The Rock Pit - Hard rock, Metal and Blues Interviews, news & reviews from Australia and around the world

The Rock Pit - Hard rock, Metal and Blues Interviews, news & reviews from Australia and around the world
Dead White and Blue Mary Jane Review 2013




OCTOBER 15 2013



Here’s an interesting release we missed when originally out last year, but which deserves a review. The back story is interesting enough in itself, with main man Russell Workman, a musician working in the Phoenix scene at the turn of the Century (supporting the likes of Maiden and Dio along the way), entering the studio in 2001 to lay down the basis of what is the album ‘Mary Jane’.


The album was all ready for release before Workman ended up on the wrong side of the law, busted on what the bio says was a minor drugs charge and sentenced to 6 years inside. To quote the bio: "Prison only made me focus on what I was going to do when I got out,” Workman reflects: “A lot of it was obviously getting laid, and the most important thing was to get this album out… It really made me stronger and more focused than ever. And, I’m off dope now so that’s cool.” 


Once out and free of his demons in 2012 with the masters in hand Workman set about readying the album for release and the long journey of finding a band. OK so great back story right? But doies it deliver is what you want to know right?


Listening to opening track and first single ‘Take’ the immediate impression is that DWAB has something here. It’s a track that simply explodes out of the speakers with a huge scream before settling into a groove that is as relentless as it is essential.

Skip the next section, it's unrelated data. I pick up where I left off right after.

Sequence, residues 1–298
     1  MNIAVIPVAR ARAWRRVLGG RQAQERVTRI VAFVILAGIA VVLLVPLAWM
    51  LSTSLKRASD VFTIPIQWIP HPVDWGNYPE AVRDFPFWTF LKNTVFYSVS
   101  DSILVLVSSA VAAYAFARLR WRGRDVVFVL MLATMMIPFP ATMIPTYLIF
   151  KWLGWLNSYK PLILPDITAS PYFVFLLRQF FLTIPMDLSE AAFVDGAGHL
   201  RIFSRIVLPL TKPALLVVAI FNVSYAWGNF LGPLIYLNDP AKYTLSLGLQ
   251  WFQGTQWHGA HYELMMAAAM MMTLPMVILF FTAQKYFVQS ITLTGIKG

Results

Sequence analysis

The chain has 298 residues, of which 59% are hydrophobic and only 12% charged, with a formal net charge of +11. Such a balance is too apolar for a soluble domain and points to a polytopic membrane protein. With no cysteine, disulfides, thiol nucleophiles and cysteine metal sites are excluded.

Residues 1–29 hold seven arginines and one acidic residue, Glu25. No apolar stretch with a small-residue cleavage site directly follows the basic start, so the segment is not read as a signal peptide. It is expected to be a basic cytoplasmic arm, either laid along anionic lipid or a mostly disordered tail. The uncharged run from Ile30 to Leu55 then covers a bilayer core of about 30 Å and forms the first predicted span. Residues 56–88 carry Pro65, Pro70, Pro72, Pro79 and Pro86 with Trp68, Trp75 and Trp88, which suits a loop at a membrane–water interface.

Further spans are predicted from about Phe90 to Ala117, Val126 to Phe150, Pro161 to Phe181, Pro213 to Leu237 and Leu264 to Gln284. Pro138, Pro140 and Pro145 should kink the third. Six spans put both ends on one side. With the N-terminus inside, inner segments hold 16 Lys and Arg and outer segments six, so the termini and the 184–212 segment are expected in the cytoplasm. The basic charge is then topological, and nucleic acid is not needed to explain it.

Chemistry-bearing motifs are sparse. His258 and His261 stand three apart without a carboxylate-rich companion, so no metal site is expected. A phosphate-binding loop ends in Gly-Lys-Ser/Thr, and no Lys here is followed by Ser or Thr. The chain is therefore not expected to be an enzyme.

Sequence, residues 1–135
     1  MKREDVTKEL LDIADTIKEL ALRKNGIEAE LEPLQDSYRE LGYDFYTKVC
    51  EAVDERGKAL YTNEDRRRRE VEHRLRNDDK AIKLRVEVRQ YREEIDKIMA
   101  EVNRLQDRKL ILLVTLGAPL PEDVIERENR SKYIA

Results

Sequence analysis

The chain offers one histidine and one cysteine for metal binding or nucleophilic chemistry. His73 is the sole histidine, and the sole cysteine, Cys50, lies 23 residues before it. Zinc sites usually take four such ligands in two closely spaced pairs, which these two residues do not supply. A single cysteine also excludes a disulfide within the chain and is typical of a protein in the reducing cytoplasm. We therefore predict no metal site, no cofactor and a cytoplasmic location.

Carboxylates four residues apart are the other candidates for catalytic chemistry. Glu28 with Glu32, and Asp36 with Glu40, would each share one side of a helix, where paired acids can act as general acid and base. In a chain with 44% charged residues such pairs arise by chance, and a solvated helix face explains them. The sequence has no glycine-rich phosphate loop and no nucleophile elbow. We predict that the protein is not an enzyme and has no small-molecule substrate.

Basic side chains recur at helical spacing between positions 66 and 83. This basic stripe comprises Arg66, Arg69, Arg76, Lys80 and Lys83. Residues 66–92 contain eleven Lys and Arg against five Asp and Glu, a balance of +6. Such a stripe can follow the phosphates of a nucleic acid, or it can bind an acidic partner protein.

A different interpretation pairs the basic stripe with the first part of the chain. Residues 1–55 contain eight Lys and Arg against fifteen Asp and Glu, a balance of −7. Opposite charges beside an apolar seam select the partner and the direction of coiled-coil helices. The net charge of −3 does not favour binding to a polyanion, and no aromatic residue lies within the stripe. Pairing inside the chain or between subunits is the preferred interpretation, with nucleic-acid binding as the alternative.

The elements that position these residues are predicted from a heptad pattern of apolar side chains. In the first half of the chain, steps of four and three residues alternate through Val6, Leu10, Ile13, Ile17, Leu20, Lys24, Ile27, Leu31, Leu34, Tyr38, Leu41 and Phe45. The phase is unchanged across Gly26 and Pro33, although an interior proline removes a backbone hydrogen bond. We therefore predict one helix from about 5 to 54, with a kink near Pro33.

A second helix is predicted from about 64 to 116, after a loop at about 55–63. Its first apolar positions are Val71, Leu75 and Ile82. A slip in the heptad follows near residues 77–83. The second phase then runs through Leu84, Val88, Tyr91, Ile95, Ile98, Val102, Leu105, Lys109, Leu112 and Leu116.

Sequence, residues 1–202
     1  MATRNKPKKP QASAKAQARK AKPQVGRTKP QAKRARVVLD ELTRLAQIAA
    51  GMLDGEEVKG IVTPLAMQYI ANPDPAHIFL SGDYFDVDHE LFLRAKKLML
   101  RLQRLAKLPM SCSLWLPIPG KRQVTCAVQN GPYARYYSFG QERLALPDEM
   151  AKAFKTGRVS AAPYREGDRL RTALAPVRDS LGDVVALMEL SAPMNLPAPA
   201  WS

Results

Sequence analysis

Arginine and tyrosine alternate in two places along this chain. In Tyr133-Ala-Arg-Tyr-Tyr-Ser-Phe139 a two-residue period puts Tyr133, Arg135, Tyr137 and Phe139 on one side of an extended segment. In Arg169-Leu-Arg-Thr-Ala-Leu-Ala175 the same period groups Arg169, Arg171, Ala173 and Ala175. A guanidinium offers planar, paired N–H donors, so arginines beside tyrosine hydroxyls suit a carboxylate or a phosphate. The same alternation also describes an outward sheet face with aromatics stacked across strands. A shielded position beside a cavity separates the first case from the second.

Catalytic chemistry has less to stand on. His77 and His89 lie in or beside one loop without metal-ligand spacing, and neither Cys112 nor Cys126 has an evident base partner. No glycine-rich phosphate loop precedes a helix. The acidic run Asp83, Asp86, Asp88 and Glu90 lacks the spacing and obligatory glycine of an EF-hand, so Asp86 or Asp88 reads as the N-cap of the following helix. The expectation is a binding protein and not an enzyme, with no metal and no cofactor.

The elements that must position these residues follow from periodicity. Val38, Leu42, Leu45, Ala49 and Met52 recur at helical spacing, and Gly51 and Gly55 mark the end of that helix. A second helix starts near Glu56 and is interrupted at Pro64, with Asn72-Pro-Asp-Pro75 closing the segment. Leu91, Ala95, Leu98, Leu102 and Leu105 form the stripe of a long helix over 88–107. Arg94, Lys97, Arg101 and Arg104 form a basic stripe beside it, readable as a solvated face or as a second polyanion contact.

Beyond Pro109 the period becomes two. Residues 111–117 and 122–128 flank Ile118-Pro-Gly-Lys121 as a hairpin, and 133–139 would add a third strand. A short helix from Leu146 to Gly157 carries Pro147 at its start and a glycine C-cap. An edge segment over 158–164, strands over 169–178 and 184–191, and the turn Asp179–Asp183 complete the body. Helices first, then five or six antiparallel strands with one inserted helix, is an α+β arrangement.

There are other great moments on here too: title track ‘Mary Jane’: an even more immediate proposition with a vocal like Vince Neil with ‘range’. At times you are reminded of what you loved about both The Crue and NIN simultaneously and in truth it’s not a bad sound to hang your hat on.  


On an album that manages to harness a lot of pent up aggression like few other recent releases, look out for the unnerving ‘Dragonhead’ which adds a Ramones like attitude’; and the slower and heavier ‘California’ which is just as pleasing.  


Standouts though would have to be the opener, along with the unnerving stomp of ‘Heavy Wheels’ which manages an Iggy-like rapped vocal across an almost  impossibly groove-laden cowbell stomp; the cutting guitar of the groovy punk aggression of ‘Soul Thief’ is also something that will stay with you. If anything though it’s the power of closing track ‘Burning in Hell’ that leaves the most indelible mark on you: a lesson in real aggression and hopefully a sign of things to come.


This is an album that given the backstory you can’t help but feel it would always see the light of day in one form or another. Given the quality of the material it’s also one that makes you wonder where the band would be now if it had seen the light of day 13 years ago… Food for thought and let’s hope we get to hear more in the future…



by Leslii Phillips


Dead White and Blue Mary Jane Review 2013